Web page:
Why Derby's gamble on Frank Lampard could pay off

by Gabriel Sutton / 31 May 2018, 10:07

Derby County have given Frank Lampard his first job in football management on a three-year contract.

The former Chelsea midfielder is certainly a left-field option but could be the right choice to build on Gary Rowett’s tenure.

Rowett, who left for Stoke job earlier this month, deserves some credit for achieving a top six finish. In the first half of last season especially, the 44-year-old got the best out of Matej Vydra, who finished the Championship’s top scorer with 21 goals.

Questions could be asked though about the sustainability of his methods. For a start, Derby’s squad last season had an average age of 29.5, making it the oldest in the Championship. The previous boss might have wanted to continue down the experienced route, but signing lots of old players on expensive contracts is a risky business for a club that has not tasted the riches of the top flight for over a decade.

Secondly, Rowett might also have persisted with a style of play that is, perhaps, overly defensive. He always used a double-pivot; comprising any two of Tom Huddlestone, Bradley Johnson and Joe Ledley depending on fitness, as well as two cautious full-backs in Andre Wisdom and Craig Forsyth.

Because none of those players have the pace nor inclination to construct attacks from deep, the build-up play consists of hopeful balls down the channel for the lone striker, either David Nugent or more recently Cameron Jerome. Only when the front man holds the ball up does Vydra, or a wide forward such as Tom Lawrence, start to look a threat.

That’s not to say Derby didn’t play any good football under Rowett - we saw some slick final third interplay in September’s 5-0 win over Hull, for example - but it only happened after that ball into the front man. As opposing teams have found in the second half of the season, if they can cut out that initial direct pass at source and perhaps nullify Vydra, Rowett’s Rams could be short of alternative ideas.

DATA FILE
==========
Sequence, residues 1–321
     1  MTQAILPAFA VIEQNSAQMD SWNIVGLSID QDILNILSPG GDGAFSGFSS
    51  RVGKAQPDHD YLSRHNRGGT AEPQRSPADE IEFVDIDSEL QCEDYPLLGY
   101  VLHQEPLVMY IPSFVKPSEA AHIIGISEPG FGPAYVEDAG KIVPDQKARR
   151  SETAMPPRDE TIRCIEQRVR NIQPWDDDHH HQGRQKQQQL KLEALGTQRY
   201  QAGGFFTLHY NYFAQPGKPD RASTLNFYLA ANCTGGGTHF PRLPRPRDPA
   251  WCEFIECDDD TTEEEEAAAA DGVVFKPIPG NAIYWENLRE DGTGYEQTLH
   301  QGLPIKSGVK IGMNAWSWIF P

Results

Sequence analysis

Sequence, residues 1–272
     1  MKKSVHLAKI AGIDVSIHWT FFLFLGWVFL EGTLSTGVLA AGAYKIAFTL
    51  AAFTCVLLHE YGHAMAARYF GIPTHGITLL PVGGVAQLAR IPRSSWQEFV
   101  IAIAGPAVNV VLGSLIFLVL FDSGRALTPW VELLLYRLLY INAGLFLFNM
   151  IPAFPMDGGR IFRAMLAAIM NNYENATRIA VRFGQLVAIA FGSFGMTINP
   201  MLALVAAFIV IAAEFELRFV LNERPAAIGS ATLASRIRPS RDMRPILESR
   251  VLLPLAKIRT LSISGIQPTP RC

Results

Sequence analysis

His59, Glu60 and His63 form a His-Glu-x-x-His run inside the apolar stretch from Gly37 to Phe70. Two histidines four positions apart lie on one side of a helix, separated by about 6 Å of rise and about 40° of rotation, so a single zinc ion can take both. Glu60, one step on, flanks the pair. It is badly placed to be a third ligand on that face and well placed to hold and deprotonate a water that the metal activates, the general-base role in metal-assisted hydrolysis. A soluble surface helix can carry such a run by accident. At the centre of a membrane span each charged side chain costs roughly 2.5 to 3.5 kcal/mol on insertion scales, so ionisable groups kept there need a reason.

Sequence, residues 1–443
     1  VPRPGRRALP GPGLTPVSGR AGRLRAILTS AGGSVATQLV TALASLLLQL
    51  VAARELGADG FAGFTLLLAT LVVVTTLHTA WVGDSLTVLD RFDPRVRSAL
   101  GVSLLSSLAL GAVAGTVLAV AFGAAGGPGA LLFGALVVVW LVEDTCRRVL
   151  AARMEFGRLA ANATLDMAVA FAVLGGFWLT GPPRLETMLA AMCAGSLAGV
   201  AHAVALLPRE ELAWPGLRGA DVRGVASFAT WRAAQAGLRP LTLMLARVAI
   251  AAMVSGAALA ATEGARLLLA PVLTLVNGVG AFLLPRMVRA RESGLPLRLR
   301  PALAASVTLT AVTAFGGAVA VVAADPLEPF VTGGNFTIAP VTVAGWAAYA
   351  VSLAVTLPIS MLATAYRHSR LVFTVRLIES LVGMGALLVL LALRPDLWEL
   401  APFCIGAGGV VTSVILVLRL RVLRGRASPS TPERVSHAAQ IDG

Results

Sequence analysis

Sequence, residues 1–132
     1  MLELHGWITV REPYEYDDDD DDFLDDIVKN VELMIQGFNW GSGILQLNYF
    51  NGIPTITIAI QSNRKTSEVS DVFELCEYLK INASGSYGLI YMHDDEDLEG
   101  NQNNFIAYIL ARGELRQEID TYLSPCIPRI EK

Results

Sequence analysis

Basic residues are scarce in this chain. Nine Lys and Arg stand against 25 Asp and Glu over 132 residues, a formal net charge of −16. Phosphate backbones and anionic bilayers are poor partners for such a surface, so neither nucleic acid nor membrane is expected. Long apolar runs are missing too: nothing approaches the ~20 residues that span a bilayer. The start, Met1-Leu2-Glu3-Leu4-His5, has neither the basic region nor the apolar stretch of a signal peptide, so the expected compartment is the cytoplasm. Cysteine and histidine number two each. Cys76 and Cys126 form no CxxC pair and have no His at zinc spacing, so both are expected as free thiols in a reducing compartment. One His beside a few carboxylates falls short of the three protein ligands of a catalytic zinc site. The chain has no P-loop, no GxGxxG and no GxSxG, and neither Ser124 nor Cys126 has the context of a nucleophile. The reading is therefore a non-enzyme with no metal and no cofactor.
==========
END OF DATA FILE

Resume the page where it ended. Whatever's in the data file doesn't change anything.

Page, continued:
That’s why his departure is an opportunity for them to add another dimension to their game. Lampard will excite the section of fans who had grown slightly weary of the previous brand of football and, if his attendance at Monday’s League Two Play-Off Final is anything to go by, will look for young, up-and-coming players.

He has already stated his intentions to “bring through some of the excellent youth and Academy talent we have at Pride Park” which implies a desire to lower the squad’s average age and build a more energetic, dynamic outfit.

Naturally, Lampard’s lack of coaching experience will be levelled at him, but there is reason to think he could grow into this role. Derby will have an extensive backroom team; coaches and performance analysts with whom the new manager will be able to gain advice and share ideas. While Lampard would be a main figurehead at the iPro and be accountable to the public, he would not be making decisions on his own.

Lampard has spoken well when asked to do punditry duties and his achievements as a player makes him a character who a lot of people will respect.

Is this a risk for Derby? Yes - but it might be one worth taking.

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